A Closer Look

The following topics examine specific scenarios and provide prevention tips. 

The Most Common Types of Plagiarism Include:

  1. Passing off another's ideas or work as your own
  2. Fabricating citations
  3. Copying, cutting and pasting without citing the original source
  4. Paraphrasing incorrectly
  5. Using media files, such as image, audio or video files without citing them

1.) Passing off Another's Ideas:

Instead of copying words, you use someone else's ideas without giving them credit.  This also includes taking credit for entire words written by someone else.

Several examples include:

  • Using an author's ideas or words without citing the author.
  • Using a person's work such as music, film, photography, and any other media without giving credit to the person.
  • Buying a paper online and submitting it as your own.
  • Recycling a paper someone else wrote.

 

2.)  Fabricating Citations

You make up all or part of a citation.

Remember!

  • If you falsify a citation, that is plagiarism
  • If you falsify part of a citation, that is plagiarism
  • If you cite a real source, but do not use it in your paper, that is also plagiarism.

 

3.) Copying, Cutting & Pasting

You copy words or the whole passage from the original source without giving credit.

 

Remember!

  • Cite the source of your info whether it's found in a print source, electronic form or on the Internet, unless it's considered common knowledge
  • Use quotation marks around a phrase or sentence that you use from a print source, electronic source or a Web site.
  • The Internet has made it easier to copy/cut and paste, BUT the Internet has also made it easier to identify cases of plagiarism.

 

4.) Paraphrasing Incorrectly

You restate or summarize someone else's words but don't give them credit.

Paraphrasing correctly:

  • Is not rearranging words in a sentence
  • Is not substituting words with a thesaurus
  • Is synthesizing a passage of text and describing it (the idea) in your own words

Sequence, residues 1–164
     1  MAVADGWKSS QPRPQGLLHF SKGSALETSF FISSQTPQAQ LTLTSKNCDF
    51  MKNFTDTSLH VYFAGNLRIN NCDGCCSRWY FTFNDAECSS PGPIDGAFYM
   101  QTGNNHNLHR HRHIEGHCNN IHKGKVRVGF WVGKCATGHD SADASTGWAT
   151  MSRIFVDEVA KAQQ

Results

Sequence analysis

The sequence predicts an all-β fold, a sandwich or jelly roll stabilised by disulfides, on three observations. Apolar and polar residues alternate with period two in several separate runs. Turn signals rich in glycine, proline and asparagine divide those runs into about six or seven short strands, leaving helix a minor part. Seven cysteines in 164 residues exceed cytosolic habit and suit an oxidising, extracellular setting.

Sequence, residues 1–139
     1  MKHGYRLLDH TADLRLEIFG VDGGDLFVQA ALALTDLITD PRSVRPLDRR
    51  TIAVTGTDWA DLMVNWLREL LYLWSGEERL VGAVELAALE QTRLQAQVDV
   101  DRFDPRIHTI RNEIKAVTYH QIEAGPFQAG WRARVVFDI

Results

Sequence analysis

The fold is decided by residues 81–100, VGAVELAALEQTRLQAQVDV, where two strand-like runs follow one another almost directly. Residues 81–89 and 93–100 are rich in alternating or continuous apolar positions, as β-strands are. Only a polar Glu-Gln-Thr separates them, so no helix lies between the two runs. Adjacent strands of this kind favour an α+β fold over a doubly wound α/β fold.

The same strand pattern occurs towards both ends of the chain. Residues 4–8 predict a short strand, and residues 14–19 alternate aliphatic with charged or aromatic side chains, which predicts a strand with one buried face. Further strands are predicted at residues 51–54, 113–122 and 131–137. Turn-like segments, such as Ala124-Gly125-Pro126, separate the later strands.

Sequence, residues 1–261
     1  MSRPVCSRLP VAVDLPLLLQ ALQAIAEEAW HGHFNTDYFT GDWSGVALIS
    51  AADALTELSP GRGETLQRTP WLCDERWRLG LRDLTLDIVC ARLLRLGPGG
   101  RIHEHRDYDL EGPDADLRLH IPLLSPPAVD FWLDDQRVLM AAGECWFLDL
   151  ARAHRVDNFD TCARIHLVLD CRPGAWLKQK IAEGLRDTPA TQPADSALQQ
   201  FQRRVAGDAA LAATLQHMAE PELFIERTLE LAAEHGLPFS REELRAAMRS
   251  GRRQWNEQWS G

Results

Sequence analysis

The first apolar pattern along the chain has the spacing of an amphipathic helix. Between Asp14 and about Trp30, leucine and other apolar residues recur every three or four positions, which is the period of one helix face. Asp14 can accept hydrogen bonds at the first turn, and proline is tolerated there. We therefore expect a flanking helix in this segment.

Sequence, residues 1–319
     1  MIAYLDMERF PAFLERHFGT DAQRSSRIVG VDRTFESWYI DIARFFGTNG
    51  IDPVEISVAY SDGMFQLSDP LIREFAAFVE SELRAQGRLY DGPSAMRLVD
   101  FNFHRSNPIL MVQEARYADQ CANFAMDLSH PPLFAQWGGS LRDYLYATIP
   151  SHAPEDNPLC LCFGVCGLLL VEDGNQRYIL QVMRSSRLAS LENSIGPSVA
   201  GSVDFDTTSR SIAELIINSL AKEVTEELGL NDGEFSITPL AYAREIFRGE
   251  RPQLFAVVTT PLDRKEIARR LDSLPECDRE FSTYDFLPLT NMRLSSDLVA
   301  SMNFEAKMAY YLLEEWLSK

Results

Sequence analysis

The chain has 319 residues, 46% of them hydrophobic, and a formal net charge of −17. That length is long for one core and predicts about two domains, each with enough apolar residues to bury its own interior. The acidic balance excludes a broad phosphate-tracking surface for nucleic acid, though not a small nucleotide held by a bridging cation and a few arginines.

• Is restating or summarizing someone else's words or ideas and giving credit to the author (that fall outside of common knowledge).

 

Tip: 5 Steps to Successful Paraphrasing

  • Read the entire text,underlining key points and main ideas
  • In your own words, write a sentence about the main idea of the text (i.e., summarize).
  • Also, write key points in the text Highlight any words, phrases, or key passages that you would want to quote directly
  • Combine the above for a new paraphrased paragraph, using your own words.
  • Cite your source Even if you paraphrase, you have to acknowledge the material you read and paraphrased

 

5.) Using media files, such as image, audio or video files without citing them

Images and other types of media files found on the Internet need to be cited just like words/text.  Even when they're available for free or easy to download, you still need to cite them.

Misconceptions:

  • Anything you find on the Internet is available for anyone to copy and paste; therefore, you don't have to cite it
  • Anything you find on the Internet is considered common knowledge; therefore, you don't have to cite it.
  • Images, charts, and graphs in books can be photocopied; therefore, you don't have to cite them

 

[This text was kindly provided by UC San Diego Libraries!]